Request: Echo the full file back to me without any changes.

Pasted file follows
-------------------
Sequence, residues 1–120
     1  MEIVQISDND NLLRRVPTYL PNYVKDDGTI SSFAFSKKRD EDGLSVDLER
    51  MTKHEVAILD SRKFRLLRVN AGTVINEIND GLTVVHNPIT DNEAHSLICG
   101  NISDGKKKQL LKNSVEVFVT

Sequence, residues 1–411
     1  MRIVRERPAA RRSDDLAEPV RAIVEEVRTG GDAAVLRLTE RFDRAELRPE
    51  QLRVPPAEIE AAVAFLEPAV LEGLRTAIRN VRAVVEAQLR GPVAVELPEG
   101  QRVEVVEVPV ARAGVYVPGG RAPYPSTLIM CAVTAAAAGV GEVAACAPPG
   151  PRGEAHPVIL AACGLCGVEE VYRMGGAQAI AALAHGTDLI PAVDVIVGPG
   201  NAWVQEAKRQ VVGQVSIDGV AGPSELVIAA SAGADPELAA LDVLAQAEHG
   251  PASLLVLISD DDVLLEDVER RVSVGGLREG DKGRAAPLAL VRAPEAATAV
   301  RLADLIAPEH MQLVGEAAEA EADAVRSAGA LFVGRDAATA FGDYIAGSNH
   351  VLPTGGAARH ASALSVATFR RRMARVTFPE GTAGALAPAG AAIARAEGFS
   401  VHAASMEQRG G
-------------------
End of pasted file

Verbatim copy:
Sequence, residues 1–120
     1  MEIVQISDND NLLRRVPTYL PNYVKDDGTI SSFAFSKKRD EDGLSVDLER
    51  MTKHEVAILD SRKFRLLRVN AGTVINEIND GLTVVHNPIT DNEAHSLICG
   101  NISDGKKKQL LKNSVEVFVT

Sequence, residues 1–411
     1  MRIVRERPAA RRSDDLAEPV RAIVEEVRTG GDAAVLRLTE RFDRAELRPE
    51  QLRVPPAEIE AAVAFLEPAV LEGLRTAIRN VRAVVEAQLR GPVAVELPEG
   101  QRVEVVEVPV ARAGVYVPGG RAPYPSTLIM CAVTAAAAGV GEVAACAPPG
   151  PRGEAHPVIL AACGLCGVEE VYRMGGAQAI AALAHGTDLI PAVDVIVGPG
   201  NAWVQEAKRQ VVGQVSIDGV AGPSELVIAA SAGADPELAA LDVLAQAEHG
   251  PASLLVLISD DDVLLEDVER RVSVGGLREG DKGRAAPLAL VRAPEAATAV
   301  RLADLIAPEH MQLVGEAAEA EADAVRSAGA LFVGRDAATA FGDYIAGSNH
   351  VLPTGGAARH ASALSVATFR RRMARVTFPE GTAGALAPAG AAIARAEGFS
   401  VHAASMEQRG G